So we took off for Fajardo in the pickup this morning, with Stew at the wheel and Félix giving directions from the backseat. Félix, who must have been a party-hardy boy in his earlier years, knows every town within a ten-mile radius and specifically when each holds its annual fiesta.
|Chapel at the entrance of Fajardo de Boca, |
home to many Rubio's—one of them perhaps dead.
We hadn't even arrived in Fajardo, though, when we ran into the alarming sight of police and other government vehicles, and officers wielding machine guns, officiously pacing around a body lying in the ditch on the left side of the road.
The crime scene could have been the opening shot for TV's C.S.I., for all the forensic props. A yellow police tape had been tied to the trees that surrounded the body, which was covered in a white sheet except for the toes, next to which someone had placed plastic marker with the number "01". A guy in a white, hooded hazmat suit walked around the scene and whispered to the other officers.
Unfortunately, the results of this or any other police work in Mexico are bound to be far less impressive than the paraphernalia. The country has an abysmal arrest and conviction record, so the chances of catching the guy who killed the poor bastard under the white sheet, much less sending the culprit to prison, are very near zee-roh.
We came close to another stiff a month ago, when we gave a ride to a young couple, three children and an older woman, all neatly dressed and each clutching small bouquets of flowers, headed for the home of an uncle who lived in La Campana, another small town about a mile from us, until the night before, when his brother stabbed him to death.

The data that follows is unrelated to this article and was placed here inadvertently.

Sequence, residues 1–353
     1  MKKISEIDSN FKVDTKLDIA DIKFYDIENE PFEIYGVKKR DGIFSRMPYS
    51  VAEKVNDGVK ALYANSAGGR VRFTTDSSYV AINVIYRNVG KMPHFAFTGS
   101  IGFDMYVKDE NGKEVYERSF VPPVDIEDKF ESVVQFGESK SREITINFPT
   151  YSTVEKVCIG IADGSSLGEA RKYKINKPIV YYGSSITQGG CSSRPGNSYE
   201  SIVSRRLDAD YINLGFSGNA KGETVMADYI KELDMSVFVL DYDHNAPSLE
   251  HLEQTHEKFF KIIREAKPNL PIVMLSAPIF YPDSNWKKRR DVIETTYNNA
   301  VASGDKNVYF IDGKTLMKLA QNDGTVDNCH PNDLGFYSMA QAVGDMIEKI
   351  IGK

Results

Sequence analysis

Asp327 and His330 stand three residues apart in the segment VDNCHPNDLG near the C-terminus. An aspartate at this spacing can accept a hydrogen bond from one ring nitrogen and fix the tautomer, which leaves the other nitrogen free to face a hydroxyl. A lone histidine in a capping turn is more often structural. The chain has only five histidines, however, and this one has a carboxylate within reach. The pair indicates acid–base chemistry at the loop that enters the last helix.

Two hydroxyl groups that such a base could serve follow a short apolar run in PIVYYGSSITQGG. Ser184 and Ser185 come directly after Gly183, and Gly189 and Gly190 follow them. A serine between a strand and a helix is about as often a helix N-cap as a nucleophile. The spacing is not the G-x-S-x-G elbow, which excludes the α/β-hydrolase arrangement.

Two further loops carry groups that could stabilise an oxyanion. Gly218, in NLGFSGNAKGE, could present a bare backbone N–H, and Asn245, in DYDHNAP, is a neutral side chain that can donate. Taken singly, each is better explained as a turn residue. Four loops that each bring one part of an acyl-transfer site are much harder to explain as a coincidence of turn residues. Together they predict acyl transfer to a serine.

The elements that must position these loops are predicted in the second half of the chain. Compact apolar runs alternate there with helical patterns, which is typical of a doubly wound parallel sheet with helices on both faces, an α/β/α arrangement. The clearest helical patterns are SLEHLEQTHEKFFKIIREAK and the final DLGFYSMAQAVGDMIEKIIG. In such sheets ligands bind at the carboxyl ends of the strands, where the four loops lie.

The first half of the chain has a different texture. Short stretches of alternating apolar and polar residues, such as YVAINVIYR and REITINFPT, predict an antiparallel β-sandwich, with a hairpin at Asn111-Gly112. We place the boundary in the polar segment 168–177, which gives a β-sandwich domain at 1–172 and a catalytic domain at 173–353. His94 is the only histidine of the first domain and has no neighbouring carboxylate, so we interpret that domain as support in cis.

The mourners clambered on the bed of the truck and thanked and blessed us so profusely at the end of the ride that Stew and I thought we might be sucked up to heaven right there. Félix had heard of the stabbing—Félix is a one-man news/gossip organization for the area surrounding our ranch—but didn't know if the surviving brother had been jailed. Don't assume he has, cautioned Félix, ever the skeptic.
In Fajardo the search for the gray-water recycling project went about as well as Mexican police work. All we had was the last name of the family, Rubio, like the Tea Party U.S. senator from Florida. But Rubio is the most common name in town a woman explained to us, there are lots of Rubio-Rubio's in Fajardo (with the same paternal and maternal last names) and even more plain Rubios. Welcome to Rubioland.
This pattern of one or two dominant last names is pervasive in many of these insular towns where intermarriage among family members is common, along with genetic problems. Félix's last name, Arzola, is one of the most common in his town of Sosnavar; his full name is Félix Arzola Arzola.
After asking several pedestrians and owners of tiendas—tiny storefront markets—for about an hour, we finally gave up our search for the gray water treatment plan and returned to the ranch.
On the way back, the stiff was still lying on the grass, the police were still buzzing about, but a newspaper reporter was racing toward the scene of the crime in a tiny car with a sign "PRENSA" that took up about a third of the windshield.